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Tip of the Week
Even if you're expecting a refund, tax time can be stressful. Gathering all the necessary income and financial information, making sure forms are completed and filed on time, and waiting to see if you'll owe or get money back can weigh heavily on your mind well before April 15. Do you really need one more thing to worry about? Unfortunately, you also need to think about security and identity theft at tax time. Whether you file online or by mailing paper forms, your tax return contains a staggering amount of information about you. You need to protect that information at every step of the preparation and filing process.
First, arm yourself with information about what the IRS is doing to combat identity theft. The Identity Theft Resource Center, a nonprofit organization that aims to educate consumers about identity theft prevention, reports that the IRS has implemented several measures, including:
- Development and implementation of standardized processes for tracking and handling identity theft reports.
- Creating procedures to identify and resolve identity theft cases related to taxes.
- Tracking identity theft incidents reported by taxpayers.
- Tracking identity theft cases discovered by the IRS.
Next, know the signs of tax-related identity theft. If you receive a written notice from the IRS (they don't contact taxpayers via email) that they received more than one tax return for you in the same year, or IRS records indicate you received income from an employer you don't know, you may be a victim of identity theft.
Keep in mind that as tax time approaches every year, criminals impersonate the IRS by email, phone, websites and even tweets - all in an effort to scam your information. Be suspicious of any email or phone contact you receive, and if you suspect it's a scam, go to www.irs.gov/contact/index to determine if the contact is legitimate. Forward suspect emails to the IRS investigative team at email@example.com.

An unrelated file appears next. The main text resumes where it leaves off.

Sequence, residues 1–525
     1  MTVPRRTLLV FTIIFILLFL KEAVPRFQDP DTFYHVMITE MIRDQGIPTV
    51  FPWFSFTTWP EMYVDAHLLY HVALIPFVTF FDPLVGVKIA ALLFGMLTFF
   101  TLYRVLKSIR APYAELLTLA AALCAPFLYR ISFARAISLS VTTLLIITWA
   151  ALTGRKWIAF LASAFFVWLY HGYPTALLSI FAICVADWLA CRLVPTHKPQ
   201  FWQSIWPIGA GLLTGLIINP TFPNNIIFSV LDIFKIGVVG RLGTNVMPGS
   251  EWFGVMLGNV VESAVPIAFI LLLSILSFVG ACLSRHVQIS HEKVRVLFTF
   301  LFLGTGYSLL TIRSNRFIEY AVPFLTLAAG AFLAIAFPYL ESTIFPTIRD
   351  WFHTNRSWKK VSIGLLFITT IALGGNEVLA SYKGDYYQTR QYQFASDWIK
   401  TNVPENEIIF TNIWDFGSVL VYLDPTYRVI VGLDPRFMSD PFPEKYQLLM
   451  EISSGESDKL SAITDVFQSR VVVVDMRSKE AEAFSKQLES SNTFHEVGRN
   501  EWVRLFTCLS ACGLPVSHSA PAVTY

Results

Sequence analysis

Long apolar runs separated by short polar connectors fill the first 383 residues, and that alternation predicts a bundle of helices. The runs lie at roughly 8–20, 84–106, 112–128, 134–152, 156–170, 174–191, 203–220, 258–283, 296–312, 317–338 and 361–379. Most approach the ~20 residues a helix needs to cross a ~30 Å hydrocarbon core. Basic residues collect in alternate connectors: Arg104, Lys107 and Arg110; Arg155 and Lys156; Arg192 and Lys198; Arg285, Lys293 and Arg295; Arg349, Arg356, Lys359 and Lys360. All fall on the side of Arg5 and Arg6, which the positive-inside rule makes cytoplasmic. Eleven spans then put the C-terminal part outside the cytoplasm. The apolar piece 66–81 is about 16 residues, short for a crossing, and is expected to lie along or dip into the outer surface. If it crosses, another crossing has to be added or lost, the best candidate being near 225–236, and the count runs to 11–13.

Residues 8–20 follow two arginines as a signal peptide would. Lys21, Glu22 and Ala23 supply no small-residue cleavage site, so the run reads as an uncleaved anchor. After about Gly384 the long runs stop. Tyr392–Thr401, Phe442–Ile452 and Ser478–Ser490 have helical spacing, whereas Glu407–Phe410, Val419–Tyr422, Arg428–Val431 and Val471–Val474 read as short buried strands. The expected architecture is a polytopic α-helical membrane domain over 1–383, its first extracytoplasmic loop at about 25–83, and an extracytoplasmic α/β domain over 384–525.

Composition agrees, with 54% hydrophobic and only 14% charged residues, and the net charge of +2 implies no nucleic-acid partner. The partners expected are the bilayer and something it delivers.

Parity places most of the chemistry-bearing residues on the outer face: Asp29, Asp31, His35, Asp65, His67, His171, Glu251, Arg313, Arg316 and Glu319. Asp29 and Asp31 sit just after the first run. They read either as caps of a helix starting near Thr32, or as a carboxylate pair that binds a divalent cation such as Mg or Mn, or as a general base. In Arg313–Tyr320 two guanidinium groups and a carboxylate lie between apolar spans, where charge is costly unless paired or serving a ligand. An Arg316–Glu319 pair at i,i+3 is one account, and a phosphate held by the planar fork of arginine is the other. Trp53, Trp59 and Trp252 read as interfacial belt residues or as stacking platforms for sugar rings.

While most retailers love the holidays and the increased sales of the last quarter of each year, no one looks forward to the dreaded post-holiday gift returns. The Better Business Bureau is advising businesses to make sure that their return policies are simple and solid before tackling customer gift returns this holiday season.
"Though returns can be a hassle, it's important for retailers to keep their customers in mind when it comes to their policy," said Steve J. Bernas of the Better Business Bureau.
The BBB recommends that businesses consider the following when creating, solidifying or simplifying their return policy:
Make sure the customer is aware of your policy. Display you policies at the checkout counter and on your website.
Provide gift receipts. Be sure to offer one at the time of purchase. This will make the return process smoother after the holidays.
Encourage customers to return the merchandise unused, unworn or unwrapped. Everyone likes getting merchandise in its original package and by encouraging customers to return goods this way, you better your chances that the product can be resold.
Make online returns easy. Lay out the return rules clearly. Explain who pays for the return shipping, where the customer sends the return, and any forms or mailing labels you want them to use.
Stay calm and helpful. The holidays can be a stressful time for everyone and making returns is usually not high on the customer's list of fun things to do. When working with a customer, always go into a return with a smile. If their experience is good, you may win over a new customer.
For more business tips, visit www.bbb.org.
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Number to Know
5.2 percent: Amount that sales at Sears Holding Corp. stores (Sears and Kmart) were down this holiday season, which prompted the move to close about 120 stores.
Mobile analytics company Flurry said that 240 billion apps were downloaded on Christmas Day, a record amount for any one day.
GateHouse News Service